Dads2Dads: Giving thanks for those teenagers
Nov 29, 2015 at 6:00 PM
It’s a wonderful holiday. It brings the family together without the exchanging of gifts—the clutter and clatter of Christmas. Yes, there are parades and football games, but Turkey Day still seems calmer, less frenetic and more focused on family relationships.
Be Thankful for the Totality of Your Teen
This is a good time, Dad, to bite the bullet and be thankful for all those things that get under your skin about your teenager. Yep, they do talk back, often without thinking. Yes, somehow, they know better than we do about things of this world that they haven’t yet experienced. Teens are a complex package. They are also an incredible gift.
The Gratitude is Mutual
We’re pretty sure that your teenager, as exasperating as she might be right now, is thankful for a home that provides shelter and safety. Teens may never express it, but we’re convinced they observe you struggling every day in order to put food on the table, pay for that prom dress or class ring or support the latest school fundraiser. It just may not be in their DNA to admit gratitude for their blessings. If, however, your teen is the least bit aware of the poverty and despair around her and across the world, she knows how fortunate she is to be living at your address, under your roof and, yep, by your rules.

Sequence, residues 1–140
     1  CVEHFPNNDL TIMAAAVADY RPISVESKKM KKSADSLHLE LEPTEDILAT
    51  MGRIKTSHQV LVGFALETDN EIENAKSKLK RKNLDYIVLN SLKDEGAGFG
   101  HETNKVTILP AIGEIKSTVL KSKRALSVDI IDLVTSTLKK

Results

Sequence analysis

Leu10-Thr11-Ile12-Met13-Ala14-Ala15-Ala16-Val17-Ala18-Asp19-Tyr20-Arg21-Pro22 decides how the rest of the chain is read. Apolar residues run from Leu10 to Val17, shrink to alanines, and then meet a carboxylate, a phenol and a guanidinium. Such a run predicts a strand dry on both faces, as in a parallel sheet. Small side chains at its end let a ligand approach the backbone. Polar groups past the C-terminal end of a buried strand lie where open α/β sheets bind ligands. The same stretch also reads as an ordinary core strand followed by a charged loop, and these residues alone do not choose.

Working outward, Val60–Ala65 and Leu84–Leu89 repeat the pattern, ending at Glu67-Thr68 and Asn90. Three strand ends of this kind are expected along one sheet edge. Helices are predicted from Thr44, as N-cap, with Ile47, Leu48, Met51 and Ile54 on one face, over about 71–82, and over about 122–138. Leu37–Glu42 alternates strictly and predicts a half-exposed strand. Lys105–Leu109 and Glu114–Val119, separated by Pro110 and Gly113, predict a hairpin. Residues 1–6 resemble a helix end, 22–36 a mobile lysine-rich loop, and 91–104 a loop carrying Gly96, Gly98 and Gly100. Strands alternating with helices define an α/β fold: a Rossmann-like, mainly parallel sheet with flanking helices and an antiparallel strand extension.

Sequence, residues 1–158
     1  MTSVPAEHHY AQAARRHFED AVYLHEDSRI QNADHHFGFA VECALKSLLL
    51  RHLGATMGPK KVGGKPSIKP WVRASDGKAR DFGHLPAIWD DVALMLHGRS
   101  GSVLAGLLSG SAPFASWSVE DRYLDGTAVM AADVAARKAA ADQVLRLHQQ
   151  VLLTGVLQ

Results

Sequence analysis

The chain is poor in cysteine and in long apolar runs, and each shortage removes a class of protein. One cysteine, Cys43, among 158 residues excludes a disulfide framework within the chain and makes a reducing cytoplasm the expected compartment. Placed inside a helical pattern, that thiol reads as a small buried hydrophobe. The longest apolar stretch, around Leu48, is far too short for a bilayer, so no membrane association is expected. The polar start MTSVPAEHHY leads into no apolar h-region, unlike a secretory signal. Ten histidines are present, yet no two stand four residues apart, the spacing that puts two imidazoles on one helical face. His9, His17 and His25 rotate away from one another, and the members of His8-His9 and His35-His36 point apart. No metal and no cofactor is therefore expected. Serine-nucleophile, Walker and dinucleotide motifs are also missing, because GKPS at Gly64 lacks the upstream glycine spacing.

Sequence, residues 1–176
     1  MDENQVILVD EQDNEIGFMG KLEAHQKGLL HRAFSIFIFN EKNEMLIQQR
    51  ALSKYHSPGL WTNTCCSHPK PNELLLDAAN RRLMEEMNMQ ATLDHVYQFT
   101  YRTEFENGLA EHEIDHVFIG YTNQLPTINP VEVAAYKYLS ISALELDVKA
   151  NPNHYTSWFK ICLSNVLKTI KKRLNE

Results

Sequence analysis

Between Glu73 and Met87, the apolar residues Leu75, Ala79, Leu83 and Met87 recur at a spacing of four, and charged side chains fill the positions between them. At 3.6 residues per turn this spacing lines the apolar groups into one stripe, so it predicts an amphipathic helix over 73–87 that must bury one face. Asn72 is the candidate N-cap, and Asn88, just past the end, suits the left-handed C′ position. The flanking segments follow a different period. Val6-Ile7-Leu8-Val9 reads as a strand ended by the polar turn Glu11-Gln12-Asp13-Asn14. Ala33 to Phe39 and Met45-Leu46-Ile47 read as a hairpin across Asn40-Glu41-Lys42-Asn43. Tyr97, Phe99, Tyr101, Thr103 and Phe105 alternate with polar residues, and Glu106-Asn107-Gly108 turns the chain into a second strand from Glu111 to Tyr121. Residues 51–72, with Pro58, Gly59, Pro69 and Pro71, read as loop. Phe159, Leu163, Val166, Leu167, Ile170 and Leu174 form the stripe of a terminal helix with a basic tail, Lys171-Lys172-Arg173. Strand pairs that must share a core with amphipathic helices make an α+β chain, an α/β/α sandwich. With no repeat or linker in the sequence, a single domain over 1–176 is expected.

When your children leave those teen years behind and become young adults, it is truly amazing and satisfying to hear them echo the advice and counsel that you tried to hammer home three or four years before. You’d be surprised how many of your instructions sink in. Believe us, it will happen! Even when you think your teenager is totally oblivious to what you have to say (and they’re pretty convincing!), he is processing the information.
While your teenager may not say thank you to your face, you have the opportunity to put your arms around him this Thanksgiving and give thanks. It may not be easy, depending on the latest family crisis, but we’re the grown-ups here.
Love Who They Were, Are, Will Be
When we tell our teenagers how thankful we are for them, we’re celebrating who they are and who they will become. One day they will grow up and be those mature, sensible and responsible individuals we’ve longed for. So this week, when the family is gathered and you muster the courage to get all mushy and corny, think about that young child who sat on your lap and listened to your stories—that adolescent who slipped a homemade birthday card under your pillow—that confused or angry teenager who mouthed off to you but loves you like crazy … and then squeeze the stuffing out of them and tell them eye to eye: I love you … always have … always will.
Tom Tozer and Bill Black are authors of “Dads2Dads: Tools for Raising Teenagers.” Like them on Facebook and follow them on Twitter @dads2dadsllc. They are available for workshops. Contact them at [email protected].